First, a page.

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John Stamos asks hard questions, finds inspiring answers

Updated November 10, 2023 - 7:42 am

“If you would have told me, I’d write a memoir, I would have said no way,” John Stamos shares. “I said I’m never writing a book. I’m not articulate enough. I’m not smart enough. I had to discover my story as I discovered myself.”

The first step to discovery: Ask the really hard questions.

“I think there is a time in life where all of us have to look in the mirror and say, ‘Who is this person?’ ” the 60-year-old actor poses. “Ask yourself that question today. ‘Who am I?’ It’s a great lesson in humility and gratitude.”

Stamos found some inspiring answers, now contained in his bestselling memoir, “If You Would Have Told Me.” The beloved TV star grew up in Cypress, California, as the son of a restaurant owner. Stamos worked at his father’s place and flipped burgers before discovering acting.

He landed his first role on “General Hospital” and later became a household name as Uncle Jesse on “Full House.” His book covers the ups and downs: rehab, playing with the Beach Boys, the death of his friend Bob Saget in 2022.

“I never envisioned my name on the New York Times Best Seller list,” Stamos says. “I’m at a loss for words, which is rare.”

He lives in L.A. with his wife, Caitlin, 4-year-old son, Billy, and the couch from the “Full House” living room. His good life advice:

Find the good

Stamos says he inherited one of his favorite traits from his mom. “As a kid, I would tell her, ‘Mom, stop complimenting people!’ She had this wonderful way of finding the one good thing about someone, and that would define them to her,” he explains. “And now, that’s me. I look for the good. I love people and want to find the best in them.”

‘Full’ heart

Stamos looks back fondly on his “Full House” days. “I finally figured out writing this book what the show means to people,” he says of the hit sitcom that ran from 1987 to 1995. “We made the show for the people who loved it and needed something light and fluffy. You pushed the brain out, and it made room for heart. The central character of that show was love. It became everyone’s family.”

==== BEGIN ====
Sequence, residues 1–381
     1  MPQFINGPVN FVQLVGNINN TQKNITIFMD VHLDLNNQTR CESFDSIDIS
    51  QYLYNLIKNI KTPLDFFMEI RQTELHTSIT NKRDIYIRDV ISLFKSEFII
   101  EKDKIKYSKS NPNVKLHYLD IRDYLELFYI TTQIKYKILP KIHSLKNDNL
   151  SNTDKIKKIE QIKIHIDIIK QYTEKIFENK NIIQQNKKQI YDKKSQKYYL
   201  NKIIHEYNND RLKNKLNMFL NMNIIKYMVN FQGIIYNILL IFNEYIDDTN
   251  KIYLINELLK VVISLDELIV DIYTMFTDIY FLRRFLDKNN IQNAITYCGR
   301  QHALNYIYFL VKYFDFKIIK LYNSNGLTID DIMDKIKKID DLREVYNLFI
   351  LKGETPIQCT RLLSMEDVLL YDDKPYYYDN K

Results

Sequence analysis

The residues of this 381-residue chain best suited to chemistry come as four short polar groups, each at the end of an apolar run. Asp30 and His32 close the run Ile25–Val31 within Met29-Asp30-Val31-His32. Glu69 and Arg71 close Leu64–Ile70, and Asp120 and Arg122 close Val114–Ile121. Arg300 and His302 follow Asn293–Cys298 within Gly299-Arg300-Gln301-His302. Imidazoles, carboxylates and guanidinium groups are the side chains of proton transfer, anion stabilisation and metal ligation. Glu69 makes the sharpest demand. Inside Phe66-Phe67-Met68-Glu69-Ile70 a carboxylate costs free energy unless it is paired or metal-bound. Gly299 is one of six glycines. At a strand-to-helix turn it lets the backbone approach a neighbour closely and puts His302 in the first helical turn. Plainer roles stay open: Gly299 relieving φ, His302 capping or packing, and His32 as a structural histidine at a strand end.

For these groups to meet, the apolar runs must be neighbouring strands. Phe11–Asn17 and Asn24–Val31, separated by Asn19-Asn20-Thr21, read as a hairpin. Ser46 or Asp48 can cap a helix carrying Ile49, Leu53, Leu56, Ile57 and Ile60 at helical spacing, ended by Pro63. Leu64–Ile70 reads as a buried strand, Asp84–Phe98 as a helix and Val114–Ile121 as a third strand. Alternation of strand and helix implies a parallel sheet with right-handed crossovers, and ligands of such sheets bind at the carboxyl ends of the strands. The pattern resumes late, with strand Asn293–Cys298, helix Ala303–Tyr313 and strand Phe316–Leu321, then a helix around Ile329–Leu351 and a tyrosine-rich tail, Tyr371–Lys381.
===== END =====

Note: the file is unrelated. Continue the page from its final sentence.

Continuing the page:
Bad with the good

“As I looked back, I realized that you have to be grateful for even the bad moments. They get you to the good moments. I’ve learned life isn’t about regrets when you see how it all plays out,” says Stamos, who adds that his divorce from actress Rebecca Romijn led to his dream life now with his wife and son.

Take a wild swing

When he wrapped “Full House,” Stamos did a turn in the musical “Cabaret” at Studio 54 in New York. Risky? “You always tell yourself to take chances,” he says. “I saw the show before I did it. The actors were brilliant, and I said, ‘I can never do that.’ Then I thought, ‘OK, I better try.’ I dug in deep and let it all go, which was liberating. It was the best thing I ever did.”

Music heals

Stamos has been playing with his favorite band, the Beach Boys, since 1985. “People need that music so badly,” he observes. “When you see the audience at a Beach Boys concert, it’s like comfort food. A home-cooked meal. ‘Wouldn’t It Be Nice.’ ‘Fun, Fun, Fun.’ It’s all positivity. You need to just listen and let music do what it does.”

‘Order the cake’

He learned to depend on his good friend. “Bob Saget was the guy,” Stamos shares. “If I was hanging off a cliff, holding onto just one branch and I had one phone call, it would be to Bob. I’d be like, ‘Come get me.’ ”

Saget also taught him how to live in the “now,” Stamos says. “He never left anything on the table. He always told you how much he cared about you and how much he loved you as family.

“One of his lines was to ‘order the cake.’ He knew what I know now: You never know when is the last time you will see someone. Enjoy. Order that piece of cake.”

Chance encounter

“What I was missing in my life was family,” Stamos says. Ten years post-divorce, he met actress Caitlin McHugh while they were filming an episode of “Law &Order: Special Victims Unit.”

They saw each other again when her roommate appeared on an episode of “Fuller House” and McHugh was in the audience. “I went, ‘Hey, are you stalking me?’ She was like, ‘No. I haven’t thought about you twice.’ I loved that about her.” After dating for two years, Stamos popped the question at Disneyland.

Family man

Stamos always wanted to be a father. He was so good with kids that his nickname on “Fuller House” was “the baby whisperer.” “Billy is so beautiful and unpredictable,” he says. “I love being a father. … The best part of me is my wife and my son.”

Write it out

“My mom always wrote me all of these beautiful notes with life advice,” Stamos shares. “One thing that stuck: Don’t give the devil a ride. He will end up doing all of the driving.’ It’s good advice.

“We should all write our kids letters. My wife and I set up an email account for our son, and I write letters to him that he will get when he’s 18. It’s a way to document all the love.”

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